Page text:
At the start of a new year, we often see an increase in invoice finance fraud – when clients seek to borrow money by supplying lenders with inaccurate information. (Not to be confused with invoice fraud which sees fraudsters send false, real-looking invoices to extract payment from companies.)
The mechanics of fraud differ for invoice factoring and invoice discounting. But at the heart of it sit false, duplicated or re-aged invoices, fake credit notes, diverted receipts and ledger reconciliation challenges.
Invoice finance fraud becomes harder to spot during peak sales periods. Because the rise in trading legitimises an increase in borrowing. And as lenders’ resources get stretched due to high volumes of borrowing requests – fraud can slip through.
To spot and stop invoice finance fraud promptly lenders need to have the right tools. This can be done by using intelligent automation across the entire process, from lending through to account management and controls.
1. Improving the review processes
For invoice factoring, a manual review process means a level of human error is inevitable. The result is red flags get missed while hefty due diligence processes become more time-consuming.
Automating exception management can improve the review process. This sees automations (or bots) run background checks on an invoice to spot irregularities across invoice number, size or assigned credit notes. If something unusual is detected the relevant teams are notified and asked to investigate further. Here human action only happens when necessary, saving employee time while reducing the margin for error.
2. Enhancing visibility
Another challenge for invoice factoring companies comes from diverted receipts – when payments collected by the client aren’t transferred to the lender. This can go missed until the client’s debt extends the agreed terms or an aged, outstanding invoice gets flagged.
Automation can be used to recognise this fraud quickly. Bots can monitor the client’s banking history for anomalies. For example, a bot can single out when payments from named debtors aren’t passed back to the lender on schedule.
3. Increased verification
Verifying invoices, new borrowers and their creditors is crucial for invoice factoring and discounting. A simple step such as checking that the goods or services have been received can become a bottle neck when manually chasing proofs of delivery.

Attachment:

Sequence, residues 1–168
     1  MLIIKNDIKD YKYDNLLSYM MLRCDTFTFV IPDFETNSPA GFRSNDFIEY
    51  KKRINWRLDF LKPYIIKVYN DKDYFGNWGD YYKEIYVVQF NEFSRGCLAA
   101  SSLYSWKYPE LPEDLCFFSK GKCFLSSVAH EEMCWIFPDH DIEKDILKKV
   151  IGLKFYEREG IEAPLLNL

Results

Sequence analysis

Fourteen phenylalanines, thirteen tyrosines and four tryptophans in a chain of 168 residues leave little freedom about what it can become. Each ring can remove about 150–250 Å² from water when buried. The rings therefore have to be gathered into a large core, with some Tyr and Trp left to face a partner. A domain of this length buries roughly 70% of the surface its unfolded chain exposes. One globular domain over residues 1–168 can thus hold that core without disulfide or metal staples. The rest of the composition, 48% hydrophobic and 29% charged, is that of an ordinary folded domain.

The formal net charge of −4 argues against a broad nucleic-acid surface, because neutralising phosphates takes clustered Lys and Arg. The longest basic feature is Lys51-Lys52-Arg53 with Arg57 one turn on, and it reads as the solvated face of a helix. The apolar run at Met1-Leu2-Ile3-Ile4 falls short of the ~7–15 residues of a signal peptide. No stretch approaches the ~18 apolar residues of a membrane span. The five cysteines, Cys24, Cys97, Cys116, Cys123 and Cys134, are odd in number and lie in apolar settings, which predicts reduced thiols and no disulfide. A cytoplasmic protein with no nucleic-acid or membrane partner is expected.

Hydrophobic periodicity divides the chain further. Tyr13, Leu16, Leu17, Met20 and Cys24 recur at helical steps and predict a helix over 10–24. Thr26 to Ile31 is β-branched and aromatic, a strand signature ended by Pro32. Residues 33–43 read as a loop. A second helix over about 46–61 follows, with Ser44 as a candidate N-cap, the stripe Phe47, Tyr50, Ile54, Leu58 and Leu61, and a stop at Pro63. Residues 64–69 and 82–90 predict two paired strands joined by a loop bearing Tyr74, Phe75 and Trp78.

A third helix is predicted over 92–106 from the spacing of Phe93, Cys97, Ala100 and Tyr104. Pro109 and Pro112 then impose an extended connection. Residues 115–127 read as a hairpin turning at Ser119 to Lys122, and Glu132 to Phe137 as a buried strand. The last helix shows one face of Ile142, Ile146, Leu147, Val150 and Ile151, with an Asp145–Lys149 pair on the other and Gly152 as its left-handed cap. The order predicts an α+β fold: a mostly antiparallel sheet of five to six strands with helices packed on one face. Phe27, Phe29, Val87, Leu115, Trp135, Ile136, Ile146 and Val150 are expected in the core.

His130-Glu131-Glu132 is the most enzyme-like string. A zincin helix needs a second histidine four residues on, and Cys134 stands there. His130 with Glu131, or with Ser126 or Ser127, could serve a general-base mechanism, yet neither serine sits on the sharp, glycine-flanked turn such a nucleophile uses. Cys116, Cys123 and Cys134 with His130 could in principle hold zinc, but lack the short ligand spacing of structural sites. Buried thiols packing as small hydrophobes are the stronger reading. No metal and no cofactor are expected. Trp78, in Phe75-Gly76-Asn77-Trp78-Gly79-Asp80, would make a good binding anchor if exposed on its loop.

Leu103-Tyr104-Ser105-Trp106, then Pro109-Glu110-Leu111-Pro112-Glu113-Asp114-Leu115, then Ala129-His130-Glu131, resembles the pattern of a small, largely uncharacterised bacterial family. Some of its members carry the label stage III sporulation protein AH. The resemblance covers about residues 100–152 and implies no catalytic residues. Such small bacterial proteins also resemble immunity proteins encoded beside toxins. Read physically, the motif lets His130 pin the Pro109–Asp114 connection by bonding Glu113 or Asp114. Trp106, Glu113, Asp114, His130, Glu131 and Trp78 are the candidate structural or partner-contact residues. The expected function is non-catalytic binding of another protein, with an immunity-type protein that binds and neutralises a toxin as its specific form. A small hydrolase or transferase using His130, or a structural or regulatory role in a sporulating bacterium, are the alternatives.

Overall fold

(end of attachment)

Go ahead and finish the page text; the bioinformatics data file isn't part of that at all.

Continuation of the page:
Automation makes verification quick and easy. Here bots can automatically send emails to request documents, chase customers and process the data shared by extracting relevant information. They can flag discrepancies and unusual activity for the team to review. So, people don’t need to do low-value activities such as chasing and can focus on tasks that require detailed reviews.
Bots can also verify new borrowers with more speed and accuracy. Same directors being named on borrower and creditor boards is a tell-tale sign of fraud. Bots can scan online data sources to spot any correlation between borrower and creditor directors. This is smart way to stop fraudulent applications in their tracks.
4. Fast-tracking the ledger reconciliation process
Efficient ledger reconciliation is essential for invoice discounting lenders – sadly it is often slow and error prone. First, it takes clients two weeks to submit their ledgers, then it takes lenders ten more days to manually reconcile these with their records. Meaning any mismatch and potential fraud are detected almost a month later.
Automation can help with reconciliation in two ways.
First, a workflow can be set up to pull clients’ ledger automatically at the start of each month. Second, bots can review entries across clients’ and lenders’ ledgers to detect discrepancies and animalities. These are then handed to people to investigate further. This ensures fraud is spotted earlier in the month, and action is taken straight away.
5. Harnessing advancEdTechnology
Automation is a great stepping-stone to doing more with data – it improves data quality. This data can then be used to get in-depth insights by deploying analytics or machine-learning.
For example, analytics can unearth more patterns that signal suspicious activity. While machine learning can look at external and contextual data sources to determine those tricky fraudulent transactions that go undetected due their more elusive nature.
The best thing about automation is that it sits on top of lenders’ existing IT infrastructure with minimal disruption to existing systems. There is no need to rip and replace applications or to learn how to use a new process. Bots are calibrated to work with lenders’ systems and processes, requiring minimal IT involvement.
Automation is not just a more efficient but also a non-intrusive way to spot and stop fraudulent activity. With this this solution in place, lenders can keep fraud at bay even during the busiest periods without straining resources of increasing spend.
This article is written by Venugopala Dumpala, Practice Head Banking & Financial Services at Firstsource in Global Banking and Finance Review.